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Google Networking Technology

Google Fiber Work Hung Up In Kansas City 153

Posted by samzenpus
from the best-laid-plans dept.
alphadogg writes "When Google announced last spring that Kansas City, Kan., had landed the tech company's much-pursued super-speed Internet project, the company gushed about the local utility poles. Now it turns out that differences over where and how to hang wires on those poles, and what fees or installation costs may be required, have created a troublesome bump in plans to launch the project."
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Google Fiber Work Hung Up In Kansas City

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  • by pryoplasm (809342) on Thursday January 19, 2012 @03:18AM (#38745830)

    Somtimes fiber optic cables have a metallic sheath around them, not so much for protection but more to make it easier to detect. If you are doing a site survey, your conductive cables will come up, and you can mark them accordingly. If you have a fiber cable without that jacket, then you run the risk of not knowing where it goes, then snapping through the fiber, and spending some fun time either in a hole or a tent with a fusion splicer.

    Accidentally digging up fiber isn't fun...

  • by George_Ou (849225) on Thursday January 19, 2012 @03:43AM (#38745906)
    Did you even read the article? Oh wait, this is slashdot.

    The article talks about unequal treatment. One provider offers the same public service as Google, but they're not getting special treatment and free access to the facilities. Then there's the issue of higher costs associated with hanging fiber near electrical wiring. You don't want your workers or customers getting fried, so there will be additional costs.
  • by symbolset (646467) * on Thursday January 19, 2012 @04:05AM (#38745994) Journal

    Out where I live there's a little podunk town called Ephrata, Washington. Their power utility thought to get Internet to their customers before it was banned as "anticompetitive". So now out here, hundreds of miles from the big city and miles from your nearest neighbor you can get gigabit internet over fiber for $80 a month, and can have for some seven years and more. It's not a density thing, it's not a money thing - they're actually turning a profit at that fee that they have to get rid of because, of course, they're a nonprofit.

    Can I get that here in the city? No. My public utilty failed to get grandfathered in back in the day and now claims "no interest" in doing so - even though they have something like 1000x the population density of Ephrata and it doesn't matter anyway because the governor signed into law protectionist legislation that prevents my power utility from competing "unfairly" with cable companies for Internet access. Thank God she's got my best interests at heart, or I might have gigabit Internet now and may have killed myself with gigabit broadband HD pron.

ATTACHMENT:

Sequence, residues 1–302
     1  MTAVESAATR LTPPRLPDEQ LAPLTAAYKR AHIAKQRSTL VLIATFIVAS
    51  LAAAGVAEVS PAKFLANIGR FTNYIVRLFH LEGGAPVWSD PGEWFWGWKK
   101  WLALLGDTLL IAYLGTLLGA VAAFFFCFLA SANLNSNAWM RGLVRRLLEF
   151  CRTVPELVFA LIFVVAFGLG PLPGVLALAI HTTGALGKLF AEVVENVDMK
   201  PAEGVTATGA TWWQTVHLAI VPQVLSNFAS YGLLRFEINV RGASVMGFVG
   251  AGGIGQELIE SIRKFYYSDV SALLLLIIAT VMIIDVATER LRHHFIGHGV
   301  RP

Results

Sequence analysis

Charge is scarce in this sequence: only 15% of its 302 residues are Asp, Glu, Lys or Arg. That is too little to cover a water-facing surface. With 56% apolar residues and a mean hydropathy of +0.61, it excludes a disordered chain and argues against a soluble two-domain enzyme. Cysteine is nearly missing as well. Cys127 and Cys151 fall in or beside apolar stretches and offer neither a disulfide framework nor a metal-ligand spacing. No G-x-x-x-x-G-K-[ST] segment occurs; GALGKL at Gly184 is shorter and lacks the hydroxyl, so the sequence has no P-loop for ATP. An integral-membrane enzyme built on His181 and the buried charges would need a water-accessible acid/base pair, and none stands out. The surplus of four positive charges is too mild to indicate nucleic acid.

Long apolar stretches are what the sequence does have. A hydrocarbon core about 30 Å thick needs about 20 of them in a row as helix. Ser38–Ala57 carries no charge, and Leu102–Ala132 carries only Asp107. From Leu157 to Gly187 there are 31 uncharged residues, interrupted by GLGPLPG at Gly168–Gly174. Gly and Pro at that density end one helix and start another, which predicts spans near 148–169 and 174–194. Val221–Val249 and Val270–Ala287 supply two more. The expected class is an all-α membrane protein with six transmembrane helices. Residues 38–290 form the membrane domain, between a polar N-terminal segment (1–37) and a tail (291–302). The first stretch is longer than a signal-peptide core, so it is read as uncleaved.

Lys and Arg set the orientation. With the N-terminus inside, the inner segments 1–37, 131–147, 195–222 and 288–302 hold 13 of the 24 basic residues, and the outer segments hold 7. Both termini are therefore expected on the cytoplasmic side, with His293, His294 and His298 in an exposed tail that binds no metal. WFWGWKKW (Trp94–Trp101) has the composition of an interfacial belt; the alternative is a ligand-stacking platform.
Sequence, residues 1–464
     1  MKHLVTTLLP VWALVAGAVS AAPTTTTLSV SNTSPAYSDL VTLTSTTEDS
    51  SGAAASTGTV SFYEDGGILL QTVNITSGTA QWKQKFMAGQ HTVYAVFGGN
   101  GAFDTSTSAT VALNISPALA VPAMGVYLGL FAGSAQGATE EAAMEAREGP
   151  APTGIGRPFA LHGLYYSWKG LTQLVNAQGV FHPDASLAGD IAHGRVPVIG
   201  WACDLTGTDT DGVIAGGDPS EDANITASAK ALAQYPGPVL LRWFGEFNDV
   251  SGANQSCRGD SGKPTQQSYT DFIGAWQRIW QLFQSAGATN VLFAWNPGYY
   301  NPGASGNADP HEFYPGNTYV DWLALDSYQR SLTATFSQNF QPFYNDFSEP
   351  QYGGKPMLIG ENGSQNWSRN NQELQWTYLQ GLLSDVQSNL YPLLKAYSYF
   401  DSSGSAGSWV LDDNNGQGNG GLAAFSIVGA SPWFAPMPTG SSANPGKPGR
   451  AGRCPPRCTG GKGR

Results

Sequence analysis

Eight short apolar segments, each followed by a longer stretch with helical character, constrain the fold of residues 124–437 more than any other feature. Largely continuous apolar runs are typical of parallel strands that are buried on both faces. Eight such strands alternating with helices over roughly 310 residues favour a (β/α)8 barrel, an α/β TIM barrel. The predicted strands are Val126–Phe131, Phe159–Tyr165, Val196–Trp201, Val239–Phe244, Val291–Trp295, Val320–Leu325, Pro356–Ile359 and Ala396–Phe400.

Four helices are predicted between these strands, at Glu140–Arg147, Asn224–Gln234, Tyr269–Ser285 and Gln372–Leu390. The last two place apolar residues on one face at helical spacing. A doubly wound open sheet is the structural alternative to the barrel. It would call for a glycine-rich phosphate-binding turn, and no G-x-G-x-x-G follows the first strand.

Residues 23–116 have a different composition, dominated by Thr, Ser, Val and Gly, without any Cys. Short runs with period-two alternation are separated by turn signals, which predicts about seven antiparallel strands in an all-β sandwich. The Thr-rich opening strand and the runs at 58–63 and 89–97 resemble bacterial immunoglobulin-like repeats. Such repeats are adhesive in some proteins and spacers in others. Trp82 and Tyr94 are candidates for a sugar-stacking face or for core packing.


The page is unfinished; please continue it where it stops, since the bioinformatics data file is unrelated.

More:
• by Teun (17872) on Thursday January 19, 2012 @04:10AM (#38746006) Homepage
    It's all about the constitiution you commie.

    The ground is of the owner, the air of us all.
    Or maybe it is just thoughtless tradition to deface whole neighborhoods and towns with ugly utility poles.

  • by choprboy (155926) on Thursday January 19, 2012 @04:35AM (#38746092) Homepage

    Maybe I'm missing something, but fiberoptics aren't conductive. That's one of the beautiful things about it. Why would they need steel-coated cables to protect them from the electric lines?

    The fiber optic cable is not conductive, but the aerial hanger wire and pole supports, to which the fiber optic is wrapped, most certainly are. This is not about protecting the fiber optic cables, this is about protecting the infrastructure (ALL of the utilities on the pole) and the life and safety of those personal working on it. This issue is very clear-cut and Google/Kansas City will lose. They tried to slip in a fast one of defining their own terms for pole placement, but issue of pole line placement is already quite well established

    The highest voltage lines are placed at the top of the pole, say 25kV feeder lines. Below that on the power pole, outside the exclusion zone of the upper wire, comes the primary distribution lines, perhaps 7kV or 14.4kV, and below that exclusion zone comes the next highest voltage and so forth... At the mid pole location (and below all the above exclusion zones) comes the secondary distribution lines (120V-480V). Below that level comes the telephone lines (48V), and below that cable distribution. At the very bottom is the lowest power lines, namely being fiber optic cables.